“At the same time, higher construction costs (land, labor and materials) and regulations (zoning rules, municipal fees and design guidelines) have constrained home builders.”Buchta, Jim and Webster, MaryJo. “Looking for an affordable starter home in Twin Cities? Good luck.” Star Tribune. March 10, 2023.
When looking at new home prices under $300,000 in major U.S. markets, the Twin Cities is grouped with large cities in coastal regions, where these homes barely register as a data point. This is unlike most of middle America where these homes are plentiful.
Homebuying and affordability resemble a pyramid. The largest pool of homebuyers is at the lower price points and as home prices decrease, fewer and fewer buyers can afford a home at that price.
They’re being built in Milwaukee, Chicago, Indianapolis and Nashville. But not here.
According to Minneapolis Federal Reserve Bank COO Ron Feldman, there is concern that the high cost of housing in MSP will have an adverse impact on population growth. Feldman told the Star Tribune:
“If this becomes a higher-cost place to live and has negative amenities because of the weather,” [Feldman] said, “it’s hard to see how that pushes us forward as a region with a dynamic economy.”Buchta, Jim and Webster, MaryJo. “Looking for an affordable starter home in Twin Cities? Good luck.” Star Tribune. March 10, 2023.
What’s Holding Minnesota Back?
Is it political will, a lack of understanding of the issues, or prioritization of everything above housing? These certainly all play a role.
I think it is more basic that that.
The largest hurdle to addressing our state’s housing crisis is Minnesota exceptionalism. We’re rightfully proud of what we’ve built here, but perhaps a little too proud. To us, Minnesota belongs near the of every list of every “Best Of” list. Any list that doesn’t have us at the top doesn’t count.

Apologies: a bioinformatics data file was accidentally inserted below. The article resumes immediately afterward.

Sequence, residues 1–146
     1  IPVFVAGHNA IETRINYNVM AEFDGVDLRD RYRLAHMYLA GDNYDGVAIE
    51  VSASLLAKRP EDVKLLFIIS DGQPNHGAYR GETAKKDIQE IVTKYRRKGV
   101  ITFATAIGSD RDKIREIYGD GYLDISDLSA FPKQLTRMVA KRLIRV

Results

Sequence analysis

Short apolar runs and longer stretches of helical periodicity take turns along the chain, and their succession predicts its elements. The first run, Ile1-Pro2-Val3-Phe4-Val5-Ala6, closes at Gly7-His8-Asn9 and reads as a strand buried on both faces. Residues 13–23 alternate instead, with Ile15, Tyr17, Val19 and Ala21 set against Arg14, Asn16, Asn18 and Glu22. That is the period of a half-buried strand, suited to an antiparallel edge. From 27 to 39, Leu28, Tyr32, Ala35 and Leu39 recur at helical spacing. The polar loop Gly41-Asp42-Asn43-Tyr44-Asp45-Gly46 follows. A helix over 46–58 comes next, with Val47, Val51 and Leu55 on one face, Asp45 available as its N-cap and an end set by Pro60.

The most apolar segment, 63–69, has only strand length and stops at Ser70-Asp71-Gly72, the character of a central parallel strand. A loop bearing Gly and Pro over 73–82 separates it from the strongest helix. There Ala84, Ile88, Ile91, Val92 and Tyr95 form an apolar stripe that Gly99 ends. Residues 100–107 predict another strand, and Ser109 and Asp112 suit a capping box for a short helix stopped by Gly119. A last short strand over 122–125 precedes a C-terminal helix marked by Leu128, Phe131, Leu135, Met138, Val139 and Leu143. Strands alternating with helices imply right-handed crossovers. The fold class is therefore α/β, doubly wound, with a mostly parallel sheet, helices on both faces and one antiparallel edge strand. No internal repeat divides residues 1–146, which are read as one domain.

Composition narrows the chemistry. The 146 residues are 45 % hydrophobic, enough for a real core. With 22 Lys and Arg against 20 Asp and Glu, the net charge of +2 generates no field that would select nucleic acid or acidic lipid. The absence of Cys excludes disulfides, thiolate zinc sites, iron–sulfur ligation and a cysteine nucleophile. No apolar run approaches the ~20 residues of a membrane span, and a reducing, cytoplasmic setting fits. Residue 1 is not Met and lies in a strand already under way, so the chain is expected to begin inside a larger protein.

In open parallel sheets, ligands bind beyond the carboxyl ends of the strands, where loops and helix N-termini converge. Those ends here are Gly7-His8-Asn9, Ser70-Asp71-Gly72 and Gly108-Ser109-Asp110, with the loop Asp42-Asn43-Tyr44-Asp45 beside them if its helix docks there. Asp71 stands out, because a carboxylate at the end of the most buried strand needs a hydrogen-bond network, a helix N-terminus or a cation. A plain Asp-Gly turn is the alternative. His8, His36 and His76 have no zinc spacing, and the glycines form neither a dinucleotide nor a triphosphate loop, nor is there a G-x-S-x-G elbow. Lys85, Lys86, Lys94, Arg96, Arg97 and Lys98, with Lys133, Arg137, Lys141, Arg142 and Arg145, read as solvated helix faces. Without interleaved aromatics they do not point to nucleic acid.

Far too many Minnesotans compare themselves to the good people living in Indianapolis, Chicago, Nashville, or Milwaukee. This goes against what it means to be a Minnesotan. But the data tells us that these communities do housing better than us.
Frankly, most states do. And it is time that we acknowledge this.
Long Road to Here
Over the past 30 years, concerns about housing in this state have been raised, only for these warnings to get ignored.
We have largely ignored our housing issue, even when the data is irrefutable. As a whole, it is easier to deny we have a problem than admit that many of the housing-related policy decisions made have not worked.
Where major reforms have been presented, they have failed to advance, and the status quo of current housing policies has prevailed.
We’ve kicked the can down the road long enough.
Across the country, we know that where state and local policies allow new starter homes, they are built, and in large quantities. Maintaining the status has not worked for our housing market. Perhaps it’s time we give missing middle housing a shot.
Nick Erickson is the executive director of Housing Affordability Institute.